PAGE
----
The end of parshas Balak is the sin at Shitim with the Bnos Moav, culminating in the sin of Zimri and Cozbi. Pinchas kills them both, stopping the plague. That would have been a good place to stop, but the last verse says (Numbers 25:9):

וַיִּהְי֕וּ הַמֵּתִ֖ים בַּמַּגֵּפָ֑ה אַרְבָּעָ֥ה וְעֶשְׂרִ֖ים אָֽלֶף׃

Those who died of the plague numbered twenty-four thousand.

That's a rather depressing note. The Rema in OC 138:1 says:

. וִיכַוֵּן שֶׁיַּתְחִיל תָּמִיד לִקְרֹא בְּדָבָר טוֹב, וִיסַיֵּם בְּדָבָר טוֹב

And one should aim to always begin to read on a good matter and to end on a good matter

Why does the parsha end in a way that doesn't fit this halacha? Better yet, stop before the whole story with Shittim. I must admit I haven't checked this Rema against every aliyah in the Torah, and for all I know there are other counter examples, but this one is pretty striking. Now I wonder if someone would argue that it's good the sinners died, but I think it's pretty bad that the sinning got to such a level that that many died.

  • Better yet, why not end the parshah later on, when HaShem rewards Pinchas for his actions? – DonielF Jul 9 '17 at 2:55
  • Where to end the parsha isn't a choice, as Aliyah breaks are. That halakha is about Aliyah breaks within a parsha – Double AA Jul 9 '17 at 2:59
  • Noach ends with Terach's death. Toldos ends with Eisav joining forces with Yishmael to kill Yaakov at the right opportunity. Mikeitz ends with the winebearer forgetting Yosef. Vayechi ends with Yosef's death. Va'eira ends with Paroh reneging on his promise to let the Jews go. Ki Seitzei ends with the pleasant reminder of what Amalek did and the commandment to wipe them out. Ha'azinu ends with HaShem telling Moshe he won't enter Eretz Yisrael. Vezos Haberachah ends with Moshe's death, and that nobody will ever be like he was. (Con't) – DonielF Jul 9 '17 at 3:08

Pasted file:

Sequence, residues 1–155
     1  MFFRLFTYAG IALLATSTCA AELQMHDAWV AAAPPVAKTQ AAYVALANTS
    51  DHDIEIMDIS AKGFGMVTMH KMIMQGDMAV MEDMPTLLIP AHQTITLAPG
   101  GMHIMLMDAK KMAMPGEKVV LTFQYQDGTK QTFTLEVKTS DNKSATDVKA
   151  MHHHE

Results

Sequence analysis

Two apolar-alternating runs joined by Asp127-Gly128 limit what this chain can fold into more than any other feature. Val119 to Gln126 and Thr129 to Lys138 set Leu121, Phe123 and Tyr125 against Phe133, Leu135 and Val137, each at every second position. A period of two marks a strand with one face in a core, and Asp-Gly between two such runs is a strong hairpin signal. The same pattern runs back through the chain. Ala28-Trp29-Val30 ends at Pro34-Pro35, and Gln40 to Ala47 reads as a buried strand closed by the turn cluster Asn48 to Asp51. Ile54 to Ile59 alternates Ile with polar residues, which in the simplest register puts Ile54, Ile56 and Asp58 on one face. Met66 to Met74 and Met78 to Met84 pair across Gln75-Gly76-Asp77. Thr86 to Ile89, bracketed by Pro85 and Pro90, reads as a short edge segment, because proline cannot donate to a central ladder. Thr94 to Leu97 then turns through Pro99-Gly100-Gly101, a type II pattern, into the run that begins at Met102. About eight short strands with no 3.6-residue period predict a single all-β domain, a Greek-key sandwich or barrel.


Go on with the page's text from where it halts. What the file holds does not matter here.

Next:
• For those communities that read Im Kesef, the parshah ends with the curse that one who afflicts orphans and widows, his wife will become a widow and his children orphans, and he will die. – DonielF Jul 9 '17 at 3:09
  • As @DoubleAA alluded to, the siman you quoted, with its discussion of reading no less than 3 Pesukim rather than 10 would seem to be discussing aliyos rather than parshios. – DonielF Jul 9 '17 at 3:10

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